The mayors of the two greatest cities in the world, New York and London, combined on Jan. 6 to endorse folly. New York’s Bill DeBlasio and London’s Sadiq Khan issued a combined call for all cities to follow their example and divest pension funds in fossil fuel companies.
The plan is to force an end the burning of fossil fuels by pulling their pension funds out of fossil fuel company investments. In another context, this was known as a starve-the-beast strategy.
In reality it was cheap politics: an example of what the British like to refer to as “signaling virtue.”
Putting pressure on the oil and gas companies that are the targets of their worships somehow is meant to force them to do what? To pack up, shutdown and “say ‘uncle’!”, leaving us without gasoline for cars, diesel for trucks or natural gas for electric generation, to say nothing of heating our homes and making meals?
The big woolly idea behind this and much of the Green New Deal, on which the mayors based their pronouncements, is that by punishing the oil and gas companies, they speed the arrival of carbon-free electricity and transportation.
Their worships should work on congestion, affordable housing, homelessness and the other innumerable ills that plague cities, not the least New York and London.
As for DeBlasio, he could do something efficacious for cleaning the air. He could fight to save the Indian Point nuclear plant up the Hudson River, which has provided more than 20 percent of New York City’s electric power for decades with nary a smidgen of carbon being produced. Now it is to close and not a squeak from the clean-air mayor. Also, he could have spoken for other regional nuclear plants that have been closed in an untimely fashion.
Like many supporters of the Green New Deal, the two mayors are correctly worried about global warming. Their low-lying cities with tidal rivers are likely to suffer irreversible flooding within the decade. But they are closed-minded about the measures that can be taken to reverse global warming. They want clean electricity, but only if it is made in ways that are approved by the left of their parties — the Democrats for DeBlasio and Labor for Khan. They want only politically correct, clean air.
The mayors want electricity that is produced from the wind or the sun. In their dreams, to misquote Annie Oakley in the musical, they have the sun in the morning and the wind at night. If only. The wind blows irregularly and the sun, well we know when that shines.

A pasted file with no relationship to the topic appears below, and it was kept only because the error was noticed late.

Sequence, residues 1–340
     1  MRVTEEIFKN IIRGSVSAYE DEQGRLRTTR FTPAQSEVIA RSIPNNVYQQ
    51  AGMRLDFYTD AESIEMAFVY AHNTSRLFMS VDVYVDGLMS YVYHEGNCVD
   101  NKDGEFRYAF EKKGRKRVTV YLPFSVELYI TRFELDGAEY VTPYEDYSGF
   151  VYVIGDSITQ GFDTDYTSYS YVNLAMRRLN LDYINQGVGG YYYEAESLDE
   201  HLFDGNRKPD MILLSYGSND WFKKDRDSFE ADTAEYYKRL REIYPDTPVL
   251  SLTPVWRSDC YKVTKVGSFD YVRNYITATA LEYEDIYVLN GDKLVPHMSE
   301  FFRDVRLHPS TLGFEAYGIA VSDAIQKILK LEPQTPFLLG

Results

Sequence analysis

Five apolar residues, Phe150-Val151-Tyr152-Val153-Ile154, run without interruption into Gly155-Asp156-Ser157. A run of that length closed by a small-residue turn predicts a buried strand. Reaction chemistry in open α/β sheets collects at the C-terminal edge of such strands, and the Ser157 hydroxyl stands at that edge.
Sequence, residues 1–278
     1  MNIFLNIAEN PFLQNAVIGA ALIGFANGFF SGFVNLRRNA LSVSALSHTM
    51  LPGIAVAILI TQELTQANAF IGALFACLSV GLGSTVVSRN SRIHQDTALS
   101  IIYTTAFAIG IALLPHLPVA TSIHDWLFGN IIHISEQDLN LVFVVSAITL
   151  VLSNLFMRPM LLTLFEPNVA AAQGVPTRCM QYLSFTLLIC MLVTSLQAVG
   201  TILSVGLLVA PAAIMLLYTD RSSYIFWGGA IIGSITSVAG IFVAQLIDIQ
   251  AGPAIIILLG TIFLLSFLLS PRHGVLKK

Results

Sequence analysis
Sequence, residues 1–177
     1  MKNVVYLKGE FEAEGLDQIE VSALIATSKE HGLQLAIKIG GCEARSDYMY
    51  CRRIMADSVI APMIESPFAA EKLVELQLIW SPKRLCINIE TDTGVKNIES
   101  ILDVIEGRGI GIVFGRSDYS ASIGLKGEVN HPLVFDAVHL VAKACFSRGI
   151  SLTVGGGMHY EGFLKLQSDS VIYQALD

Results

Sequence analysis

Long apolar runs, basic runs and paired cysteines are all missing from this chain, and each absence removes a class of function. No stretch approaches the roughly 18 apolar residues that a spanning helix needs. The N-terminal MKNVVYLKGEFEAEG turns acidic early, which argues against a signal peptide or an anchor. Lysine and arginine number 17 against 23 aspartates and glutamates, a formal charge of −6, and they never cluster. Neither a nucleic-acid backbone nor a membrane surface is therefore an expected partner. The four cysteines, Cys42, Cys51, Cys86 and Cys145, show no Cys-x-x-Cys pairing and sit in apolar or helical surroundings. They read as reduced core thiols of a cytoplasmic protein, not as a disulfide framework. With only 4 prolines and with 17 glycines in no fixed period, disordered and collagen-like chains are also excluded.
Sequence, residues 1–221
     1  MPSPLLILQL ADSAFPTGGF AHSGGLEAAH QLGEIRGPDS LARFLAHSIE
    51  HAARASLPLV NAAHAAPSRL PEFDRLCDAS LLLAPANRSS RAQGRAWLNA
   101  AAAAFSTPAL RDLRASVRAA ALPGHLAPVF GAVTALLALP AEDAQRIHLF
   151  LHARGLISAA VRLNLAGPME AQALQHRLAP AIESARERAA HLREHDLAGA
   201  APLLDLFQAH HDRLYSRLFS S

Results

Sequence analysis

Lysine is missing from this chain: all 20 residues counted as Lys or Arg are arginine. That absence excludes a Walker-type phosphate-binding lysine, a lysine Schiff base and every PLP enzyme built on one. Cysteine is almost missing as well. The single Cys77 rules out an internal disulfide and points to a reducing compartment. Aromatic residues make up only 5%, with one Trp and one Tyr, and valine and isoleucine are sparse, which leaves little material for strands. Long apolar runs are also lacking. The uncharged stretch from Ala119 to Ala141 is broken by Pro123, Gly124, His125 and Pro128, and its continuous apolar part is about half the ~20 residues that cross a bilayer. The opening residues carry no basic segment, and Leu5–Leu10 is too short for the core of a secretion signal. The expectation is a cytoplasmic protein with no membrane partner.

Politicians are out of their depths and dangerous when they prescribe a solution, not a destination. If a government, say that of the City of New York, declares it wants more and more of the electricity generated in the city to be carbon-free, it should stick to that goal. It should not tell the market — and the industry — which kinds of carbon-free electricity meet the goal.
The goal should be the aim, not the plays that will get the ball there.
Nuclear plants in the United States are failing because after deregulation of the electric utility industry in the 1990s, a market was established in which the lowest-priced electricity was always to be favored — neither social value nor consideration for the fact that this would favor a carbon fuel, natural gas, over highly regulated nuclear plants was considered.
The mayors did not mention — as those who decide that the fossil companies are to blame are wont to do — that there are technologies on the horizon to capture carbon before it gets into the air. This is known as carbon capture use and storage.
Oddly a rah-rah, American Petroleum Institute event, which API does every January in Washington, staged after the mayors’ announcement, under the rubric of “America’s Energy Future,” also failed to mention carbon capture use and storage, although oil companies are leaders in the field. Instead, API dwelled on the virtues of oil and gas in everything thing from job growth to entrepreneurship to quality of life.
Science brought us the fracking boom, cheap solar cells, efficient windmills and it should be given a chance to solve the carbon problem, both with clean nuclear and with much cleaner fossil. The rest is posturing, even as we have just finished the hottest decade on history.
The worshipful mayors of New York and London should be panicked about saving their cities, not signaling their liberal credentials.